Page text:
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Photos: The freakiest-looking fish

Red Lionfish

a close-up of a striking red lionfish

(Image credit: Abel Valdivia)

Look at that mug. With its striped coat and fanlike pectoral fins, the invasive lionfish is quite the looker. It's also invasive. Though native to the Indo-Pacific region, the lionfish has been eating its way through reefs of the Caribbean Sea and Atlantic Ocean, scientists are finding. With no effective predators, fishing by humans may be the only way to control the population, say scientists.  

The lionfish is just the tip of the iceberg when it comes to bizarro fish. From a green-eyed creature with a snout that senses its prey's heartbeats to a bat-fish that appears to be wearing red lipstick to a scorpionfish that uses its ugly mug to hide amongst beds of seaweed.

Bat fish

(Image credit: Photo: NOAA)

The batfish (Ogcocephalus darwini) is surely odd-looking with its red lips and its hornlike rostrum that juts out between the eyes. Growing to about 10 inches (25 centimeters), this fish is endemic to waters around the Galapagos Islands, according to the Encyclopedia of Life. Its pectoral and pelvic fins form appendages that look like limbs. When it comes to swimming, this oddball wouldn’t win any contests. Though it is capable of an awkward swim stroke, the red-lipped batfish typically walks on the seafloor with its fins, according to the Ashland Vertebrate Biology blog.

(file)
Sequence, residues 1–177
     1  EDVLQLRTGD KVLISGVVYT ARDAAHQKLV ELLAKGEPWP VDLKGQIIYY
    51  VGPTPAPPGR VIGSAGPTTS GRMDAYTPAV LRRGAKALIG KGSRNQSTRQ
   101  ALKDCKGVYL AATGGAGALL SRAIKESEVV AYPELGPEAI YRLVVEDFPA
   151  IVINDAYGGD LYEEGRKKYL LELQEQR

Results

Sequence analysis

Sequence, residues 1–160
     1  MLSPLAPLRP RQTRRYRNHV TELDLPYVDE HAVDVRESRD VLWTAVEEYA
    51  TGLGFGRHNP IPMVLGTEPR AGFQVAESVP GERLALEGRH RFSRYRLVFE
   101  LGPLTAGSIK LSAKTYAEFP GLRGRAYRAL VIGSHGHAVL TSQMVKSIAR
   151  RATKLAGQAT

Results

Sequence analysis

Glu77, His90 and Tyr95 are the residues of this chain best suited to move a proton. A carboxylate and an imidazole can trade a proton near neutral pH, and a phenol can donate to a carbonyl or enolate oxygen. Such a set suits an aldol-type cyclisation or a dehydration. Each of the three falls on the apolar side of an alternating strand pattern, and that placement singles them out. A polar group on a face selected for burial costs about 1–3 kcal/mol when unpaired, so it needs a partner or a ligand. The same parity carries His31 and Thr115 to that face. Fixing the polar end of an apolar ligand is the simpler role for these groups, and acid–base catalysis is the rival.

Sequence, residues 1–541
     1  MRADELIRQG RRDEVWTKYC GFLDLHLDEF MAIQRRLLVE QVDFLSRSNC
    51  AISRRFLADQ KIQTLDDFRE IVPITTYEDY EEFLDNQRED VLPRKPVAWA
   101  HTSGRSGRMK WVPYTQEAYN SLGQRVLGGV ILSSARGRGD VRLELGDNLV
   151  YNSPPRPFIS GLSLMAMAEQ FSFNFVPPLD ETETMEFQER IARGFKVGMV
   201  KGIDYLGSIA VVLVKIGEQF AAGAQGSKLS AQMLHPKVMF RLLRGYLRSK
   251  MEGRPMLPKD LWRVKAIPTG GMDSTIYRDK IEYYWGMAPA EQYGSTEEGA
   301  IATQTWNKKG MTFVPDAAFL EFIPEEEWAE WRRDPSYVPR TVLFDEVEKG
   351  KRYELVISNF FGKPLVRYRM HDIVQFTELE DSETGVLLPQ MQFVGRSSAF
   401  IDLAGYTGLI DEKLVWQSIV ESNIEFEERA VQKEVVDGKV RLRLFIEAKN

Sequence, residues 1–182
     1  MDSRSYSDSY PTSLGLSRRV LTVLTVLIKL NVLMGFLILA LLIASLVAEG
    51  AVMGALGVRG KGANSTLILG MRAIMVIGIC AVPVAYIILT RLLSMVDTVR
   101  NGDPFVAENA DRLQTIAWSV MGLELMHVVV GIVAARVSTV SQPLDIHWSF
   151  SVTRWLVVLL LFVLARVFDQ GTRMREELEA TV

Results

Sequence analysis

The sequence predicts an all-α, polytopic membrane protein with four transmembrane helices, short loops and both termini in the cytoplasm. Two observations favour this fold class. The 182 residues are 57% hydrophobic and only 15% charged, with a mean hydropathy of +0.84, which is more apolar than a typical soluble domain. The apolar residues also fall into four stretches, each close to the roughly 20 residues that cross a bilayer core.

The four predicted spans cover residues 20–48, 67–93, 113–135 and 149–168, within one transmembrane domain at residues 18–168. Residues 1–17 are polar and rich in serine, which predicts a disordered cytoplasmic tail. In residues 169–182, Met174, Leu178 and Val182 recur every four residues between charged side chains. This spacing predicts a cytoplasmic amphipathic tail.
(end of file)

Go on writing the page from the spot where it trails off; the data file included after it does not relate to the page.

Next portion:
Ghost shark

Ghost shark

(Image credit: Copyright 2007 MBARI)

This creature's looks earned it the name ghost shark, but it's actually a fish that falls into the chimaera, or ratfish, group.

This species of ratfish is known as the pointy-nosed blue chimaera. It was videotaped by the Monterey Bay Aquarium Research Institute's remotely operated vehicle Tiburon near the summit of Davidson Seamount, off the coast of Central California at a depth of about 1 mile (1,640 meters).

Starburst of Color

A new species of scorpionfish, <em>Scorpaenodes barrybrowni</em>, discovered in the deep reefs of the Caribbean. This scorpionfish is distinguished from its relatives by the elongated rays on its fins and by its starbursts of color.

(Image credit: Barry Brown)

This species of scorpionfish, Scorpaenodes barrybrowni was discovered in the deep reefs of the Caribbean. Considered the deepest-living fish of its genus ever found, this scorpionfish is distinguished from its relatives by the elongated rays on its fins and by its starbursts of color. [Read full story on the scorpionfish discovery]